Help­ing chil­dren to open up

The Star Malaysia - Star2 - - Bright Kids -

OF­TEN­TIMES, chil­dren are afraid to ap­proach adults about be­ing bul­lied due to fear of their com­plaints be­ing dis­be­lieved or not taken se­ri­ously.

It is a com­mon habit to start ques­tion­ing vic­tims for things they might have done to pro­voke the bul­lies into act­ing the way they did, but the bul­lies are re­spon­si­ble for their own ac­tions and should be held ac­count­able.

In ad­di­tion, young bully vic­tims are of­ten in­ca­pable of com­mu­ni­cat­ing their trou­bles to their guardians sim­ply be­cause they do not com­pre­hend what is hap­pen­ing to them, and this could per­sist into their teenage and adult years.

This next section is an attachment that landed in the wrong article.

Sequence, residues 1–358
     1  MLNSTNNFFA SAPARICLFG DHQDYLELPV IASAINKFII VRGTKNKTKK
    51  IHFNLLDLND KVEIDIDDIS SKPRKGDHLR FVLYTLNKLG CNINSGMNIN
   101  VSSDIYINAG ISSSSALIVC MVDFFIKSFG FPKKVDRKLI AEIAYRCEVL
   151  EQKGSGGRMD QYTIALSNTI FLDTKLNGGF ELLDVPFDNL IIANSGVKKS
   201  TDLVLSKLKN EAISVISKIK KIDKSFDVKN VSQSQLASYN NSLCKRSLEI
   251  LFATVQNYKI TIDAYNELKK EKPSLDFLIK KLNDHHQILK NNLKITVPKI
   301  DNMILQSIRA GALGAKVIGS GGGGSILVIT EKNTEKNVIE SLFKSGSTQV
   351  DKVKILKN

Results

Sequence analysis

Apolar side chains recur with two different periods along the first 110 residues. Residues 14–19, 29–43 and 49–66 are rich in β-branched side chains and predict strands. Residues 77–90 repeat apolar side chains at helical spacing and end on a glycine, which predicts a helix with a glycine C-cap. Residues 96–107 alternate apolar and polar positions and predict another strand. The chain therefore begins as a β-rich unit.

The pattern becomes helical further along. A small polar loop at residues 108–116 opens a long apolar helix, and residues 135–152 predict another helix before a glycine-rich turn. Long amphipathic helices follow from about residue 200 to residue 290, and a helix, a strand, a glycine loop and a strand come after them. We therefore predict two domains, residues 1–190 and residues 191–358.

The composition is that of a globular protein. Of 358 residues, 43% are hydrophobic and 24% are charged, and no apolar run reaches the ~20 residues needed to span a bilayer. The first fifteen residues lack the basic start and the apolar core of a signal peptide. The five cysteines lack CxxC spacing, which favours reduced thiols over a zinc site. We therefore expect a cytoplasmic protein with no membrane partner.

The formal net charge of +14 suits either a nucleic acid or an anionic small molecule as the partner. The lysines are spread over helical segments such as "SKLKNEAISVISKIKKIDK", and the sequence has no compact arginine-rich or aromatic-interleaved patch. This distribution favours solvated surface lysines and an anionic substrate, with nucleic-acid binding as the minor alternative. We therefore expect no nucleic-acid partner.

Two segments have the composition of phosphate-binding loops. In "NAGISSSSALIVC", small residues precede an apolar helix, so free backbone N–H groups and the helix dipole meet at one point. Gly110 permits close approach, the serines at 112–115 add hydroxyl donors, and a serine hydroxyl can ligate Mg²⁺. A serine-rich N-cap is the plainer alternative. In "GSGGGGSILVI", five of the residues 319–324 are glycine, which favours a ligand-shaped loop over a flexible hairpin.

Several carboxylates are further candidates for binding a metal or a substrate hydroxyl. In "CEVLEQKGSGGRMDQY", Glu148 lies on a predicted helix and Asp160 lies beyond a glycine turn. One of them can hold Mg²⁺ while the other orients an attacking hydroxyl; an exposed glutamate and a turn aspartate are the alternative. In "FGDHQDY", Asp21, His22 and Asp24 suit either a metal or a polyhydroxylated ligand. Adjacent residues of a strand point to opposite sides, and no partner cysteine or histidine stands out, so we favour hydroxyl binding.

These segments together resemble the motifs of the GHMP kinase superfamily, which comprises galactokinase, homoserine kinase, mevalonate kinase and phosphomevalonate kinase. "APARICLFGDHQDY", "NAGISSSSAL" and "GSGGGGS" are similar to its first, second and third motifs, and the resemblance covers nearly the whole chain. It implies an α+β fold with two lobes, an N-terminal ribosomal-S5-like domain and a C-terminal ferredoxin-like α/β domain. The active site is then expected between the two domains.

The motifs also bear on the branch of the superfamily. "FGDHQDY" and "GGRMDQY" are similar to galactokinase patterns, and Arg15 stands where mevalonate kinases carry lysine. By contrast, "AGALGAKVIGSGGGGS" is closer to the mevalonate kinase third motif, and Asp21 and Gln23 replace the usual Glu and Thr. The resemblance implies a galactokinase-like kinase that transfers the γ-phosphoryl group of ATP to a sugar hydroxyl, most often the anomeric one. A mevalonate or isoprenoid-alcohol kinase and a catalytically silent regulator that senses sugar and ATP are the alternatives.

Guardians need to un­der­stand that younger chil­dren are still dis­cov­er­ing neg­a­tive emo­tions and need guid­ance to de­velop and un­der­stand them.

How vic­tim blam­ing oc­curs

Sec­ond-guess­ing the vic­tim’s claims Sym­pa­this­ing with the bully Be­ing overly ag­gres­sive in han­dling the mat­ter so the vic­tim does not feel com­fort­able.

Vic­tim-blam­ing com­ments

“What did you do?”

“They must have had a rea­son.” “Did you say any­thing back?” “You need to be braver.” “Just fight back.”

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